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Beer-milers themselves are no longer on the fringes, either. They're in running clubs and start-ups, on campuses and Olympic teams. Chances are good you know one. In fact, the guys who invented it are now teachers, accountants, IT executives–in other words, well-adjusted folks who could be your neighbors. But back in 1989, they were just seven Canadian runners in their late teens and early 20s, looking for a laugh on a muggy August night.
They came up with their plan during a postrun drink: Swill four beers and sprint four laps -- beer, lap, beer, lap, and so on. Adding beer to the mile seemed a fine combination of the group's primary pastimes that summer. They had become friends through high school cross-country and track; the youngest, Graham Hood–an eventual Olympian in the 1500 meters–was 17, still in high school, and still under Ontario's legal drinking age of 19. The oldest, at 26, was Kelly Harris, who had coached a few of the guys on their city running team.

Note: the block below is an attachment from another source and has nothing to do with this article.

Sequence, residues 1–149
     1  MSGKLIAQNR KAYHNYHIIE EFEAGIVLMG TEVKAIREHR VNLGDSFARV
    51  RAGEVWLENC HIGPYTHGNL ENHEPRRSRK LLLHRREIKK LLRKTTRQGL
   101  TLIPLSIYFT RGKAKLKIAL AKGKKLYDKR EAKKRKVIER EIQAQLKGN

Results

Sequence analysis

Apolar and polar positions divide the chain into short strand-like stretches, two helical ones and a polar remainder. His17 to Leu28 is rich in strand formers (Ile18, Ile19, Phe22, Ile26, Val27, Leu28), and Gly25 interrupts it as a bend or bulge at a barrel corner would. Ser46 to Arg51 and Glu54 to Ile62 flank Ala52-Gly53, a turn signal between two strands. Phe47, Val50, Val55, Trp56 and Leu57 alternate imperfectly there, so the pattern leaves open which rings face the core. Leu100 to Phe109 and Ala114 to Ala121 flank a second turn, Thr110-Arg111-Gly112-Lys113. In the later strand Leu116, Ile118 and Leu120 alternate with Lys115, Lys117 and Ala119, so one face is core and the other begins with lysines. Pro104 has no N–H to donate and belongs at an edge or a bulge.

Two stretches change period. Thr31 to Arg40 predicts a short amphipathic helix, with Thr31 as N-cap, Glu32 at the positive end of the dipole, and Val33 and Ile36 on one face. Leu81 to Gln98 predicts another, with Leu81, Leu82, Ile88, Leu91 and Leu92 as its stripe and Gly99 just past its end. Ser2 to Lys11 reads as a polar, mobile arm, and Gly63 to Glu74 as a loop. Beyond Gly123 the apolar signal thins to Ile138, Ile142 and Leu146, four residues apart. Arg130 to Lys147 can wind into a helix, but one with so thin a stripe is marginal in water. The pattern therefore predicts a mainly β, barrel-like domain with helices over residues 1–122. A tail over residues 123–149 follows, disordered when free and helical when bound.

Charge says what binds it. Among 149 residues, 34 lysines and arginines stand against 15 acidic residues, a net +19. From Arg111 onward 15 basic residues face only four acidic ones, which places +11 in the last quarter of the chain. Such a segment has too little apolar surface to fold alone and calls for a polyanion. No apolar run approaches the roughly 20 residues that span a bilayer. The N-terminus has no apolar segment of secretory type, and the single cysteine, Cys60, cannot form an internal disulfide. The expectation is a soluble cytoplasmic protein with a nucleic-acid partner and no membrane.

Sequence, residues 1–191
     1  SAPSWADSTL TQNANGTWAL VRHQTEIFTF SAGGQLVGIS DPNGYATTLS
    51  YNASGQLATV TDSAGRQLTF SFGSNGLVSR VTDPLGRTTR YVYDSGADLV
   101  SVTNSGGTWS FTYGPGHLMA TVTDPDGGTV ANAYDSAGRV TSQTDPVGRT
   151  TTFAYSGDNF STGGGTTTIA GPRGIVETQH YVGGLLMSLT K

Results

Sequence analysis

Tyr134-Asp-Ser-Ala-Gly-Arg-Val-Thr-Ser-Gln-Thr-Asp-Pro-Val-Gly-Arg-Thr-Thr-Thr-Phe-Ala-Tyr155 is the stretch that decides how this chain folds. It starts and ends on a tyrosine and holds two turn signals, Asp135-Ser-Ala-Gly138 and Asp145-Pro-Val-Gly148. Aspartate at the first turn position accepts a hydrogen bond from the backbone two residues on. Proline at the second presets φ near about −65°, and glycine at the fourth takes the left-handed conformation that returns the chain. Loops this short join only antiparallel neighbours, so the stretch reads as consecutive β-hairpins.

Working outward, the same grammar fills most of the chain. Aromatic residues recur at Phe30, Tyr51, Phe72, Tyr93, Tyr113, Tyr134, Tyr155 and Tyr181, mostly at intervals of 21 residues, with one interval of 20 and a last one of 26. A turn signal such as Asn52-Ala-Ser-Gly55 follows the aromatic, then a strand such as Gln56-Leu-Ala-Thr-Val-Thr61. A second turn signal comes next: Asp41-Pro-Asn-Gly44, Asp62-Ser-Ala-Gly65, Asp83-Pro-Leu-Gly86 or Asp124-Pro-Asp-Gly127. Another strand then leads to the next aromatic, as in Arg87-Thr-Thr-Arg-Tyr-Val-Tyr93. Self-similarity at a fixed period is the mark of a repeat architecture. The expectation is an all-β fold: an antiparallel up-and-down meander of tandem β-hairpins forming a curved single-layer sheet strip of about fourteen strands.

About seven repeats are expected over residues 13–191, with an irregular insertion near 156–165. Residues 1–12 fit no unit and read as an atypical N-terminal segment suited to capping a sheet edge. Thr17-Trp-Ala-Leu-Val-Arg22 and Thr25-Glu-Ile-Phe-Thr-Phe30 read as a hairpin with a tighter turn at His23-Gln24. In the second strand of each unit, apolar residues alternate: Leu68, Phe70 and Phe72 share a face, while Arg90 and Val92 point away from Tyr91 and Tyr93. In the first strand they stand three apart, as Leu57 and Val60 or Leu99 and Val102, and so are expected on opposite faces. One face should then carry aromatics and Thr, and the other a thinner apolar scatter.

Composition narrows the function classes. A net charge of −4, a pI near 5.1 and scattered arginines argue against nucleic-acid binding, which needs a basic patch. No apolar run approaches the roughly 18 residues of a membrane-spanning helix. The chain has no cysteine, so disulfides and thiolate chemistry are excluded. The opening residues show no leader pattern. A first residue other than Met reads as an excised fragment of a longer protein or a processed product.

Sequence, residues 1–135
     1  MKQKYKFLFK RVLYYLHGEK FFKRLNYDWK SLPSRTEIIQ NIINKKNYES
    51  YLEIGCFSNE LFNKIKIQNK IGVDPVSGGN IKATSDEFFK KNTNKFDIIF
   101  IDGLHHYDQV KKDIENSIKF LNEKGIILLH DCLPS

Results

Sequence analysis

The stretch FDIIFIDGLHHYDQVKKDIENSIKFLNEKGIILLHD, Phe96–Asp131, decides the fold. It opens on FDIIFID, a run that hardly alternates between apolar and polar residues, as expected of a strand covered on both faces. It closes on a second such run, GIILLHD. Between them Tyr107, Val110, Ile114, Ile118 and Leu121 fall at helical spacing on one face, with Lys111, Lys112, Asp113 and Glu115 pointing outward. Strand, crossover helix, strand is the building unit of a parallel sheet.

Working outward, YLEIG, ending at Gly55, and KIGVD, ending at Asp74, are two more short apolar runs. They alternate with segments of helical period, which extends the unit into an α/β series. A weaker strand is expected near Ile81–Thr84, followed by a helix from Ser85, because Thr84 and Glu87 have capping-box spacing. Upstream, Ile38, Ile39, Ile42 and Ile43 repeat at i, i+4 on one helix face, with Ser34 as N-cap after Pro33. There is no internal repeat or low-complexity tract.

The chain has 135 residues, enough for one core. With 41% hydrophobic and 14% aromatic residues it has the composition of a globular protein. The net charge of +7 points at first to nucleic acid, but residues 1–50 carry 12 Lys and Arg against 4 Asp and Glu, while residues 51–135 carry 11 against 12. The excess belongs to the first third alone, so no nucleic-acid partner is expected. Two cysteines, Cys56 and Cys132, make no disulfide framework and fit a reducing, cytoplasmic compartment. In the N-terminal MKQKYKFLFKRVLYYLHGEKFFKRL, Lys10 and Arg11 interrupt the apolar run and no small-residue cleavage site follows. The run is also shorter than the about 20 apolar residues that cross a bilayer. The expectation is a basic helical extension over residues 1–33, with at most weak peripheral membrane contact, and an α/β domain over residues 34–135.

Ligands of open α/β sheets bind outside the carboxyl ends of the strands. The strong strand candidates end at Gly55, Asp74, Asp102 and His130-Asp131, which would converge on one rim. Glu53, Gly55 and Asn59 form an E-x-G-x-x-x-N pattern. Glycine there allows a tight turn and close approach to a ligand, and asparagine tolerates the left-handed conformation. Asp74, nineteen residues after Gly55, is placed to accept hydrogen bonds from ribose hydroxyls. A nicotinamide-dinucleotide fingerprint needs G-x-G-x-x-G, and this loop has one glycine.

Soon after conceiving their plan, they shouldered Canadian-made brews (probably Molson or Labatt Blue; it's been 25 years) to Burlington Central High School in Burlington, Ontario. Without a gate to climb or much visibility from the street, the track seemed a decent place to start a good night. Each runner lined up four unopened cans of beers for himself at the starting line, and as the sun was setting, the timer started.